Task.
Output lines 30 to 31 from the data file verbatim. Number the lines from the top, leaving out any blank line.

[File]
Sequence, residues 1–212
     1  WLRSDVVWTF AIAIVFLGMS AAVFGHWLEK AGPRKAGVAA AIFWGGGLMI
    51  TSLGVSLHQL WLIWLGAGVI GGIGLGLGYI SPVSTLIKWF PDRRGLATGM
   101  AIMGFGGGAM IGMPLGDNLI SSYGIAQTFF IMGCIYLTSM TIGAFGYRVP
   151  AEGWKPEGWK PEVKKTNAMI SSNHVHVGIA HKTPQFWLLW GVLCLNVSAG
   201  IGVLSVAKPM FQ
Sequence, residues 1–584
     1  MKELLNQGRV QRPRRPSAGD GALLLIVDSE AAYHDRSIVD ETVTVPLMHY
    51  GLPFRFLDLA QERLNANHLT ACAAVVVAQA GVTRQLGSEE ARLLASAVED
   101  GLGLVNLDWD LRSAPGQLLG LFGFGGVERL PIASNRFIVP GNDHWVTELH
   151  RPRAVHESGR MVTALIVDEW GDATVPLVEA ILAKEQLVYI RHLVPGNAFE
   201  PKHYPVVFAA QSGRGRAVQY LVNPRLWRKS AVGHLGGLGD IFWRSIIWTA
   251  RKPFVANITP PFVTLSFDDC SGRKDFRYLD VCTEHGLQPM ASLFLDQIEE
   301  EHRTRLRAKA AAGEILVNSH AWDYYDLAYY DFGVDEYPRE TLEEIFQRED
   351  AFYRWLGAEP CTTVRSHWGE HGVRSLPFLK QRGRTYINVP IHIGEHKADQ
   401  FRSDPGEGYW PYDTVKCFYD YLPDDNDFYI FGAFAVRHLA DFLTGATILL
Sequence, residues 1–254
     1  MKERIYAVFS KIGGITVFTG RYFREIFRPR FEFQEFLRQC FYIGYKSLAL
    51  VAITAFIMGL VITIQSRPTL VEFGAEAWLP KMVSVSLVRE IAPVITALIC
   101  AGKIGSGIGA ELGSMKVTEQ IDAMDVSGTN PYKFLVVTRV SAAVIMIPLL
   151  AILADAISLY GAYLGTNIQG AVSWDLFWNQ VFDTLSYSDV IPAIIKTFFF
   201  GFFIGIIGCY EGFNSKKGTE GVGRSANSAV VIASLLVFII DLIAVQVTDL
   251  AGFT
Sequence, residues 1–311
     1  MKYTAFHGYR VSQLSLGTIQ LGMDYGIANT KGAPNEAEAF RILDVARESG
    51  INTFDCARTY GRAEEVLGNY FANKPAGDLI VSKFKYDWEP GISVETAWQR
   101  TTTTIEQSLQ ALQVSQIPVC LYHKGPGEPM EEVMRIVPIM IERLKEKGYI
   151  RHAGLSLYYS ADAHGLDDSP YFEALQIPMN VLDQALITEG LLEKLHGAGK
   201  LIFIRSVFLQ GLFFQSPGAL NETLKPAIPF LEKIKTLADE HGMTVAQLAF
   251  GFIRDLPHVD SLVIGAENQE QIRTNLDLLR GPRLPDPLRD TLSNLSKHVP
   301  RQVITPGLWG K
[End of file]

   251  GFIRDLPHVD SLVIGAENQE QIRTNLDLLR GPRLPDPLRD TLSNLSKHVP
   301  RQVITPGLWG K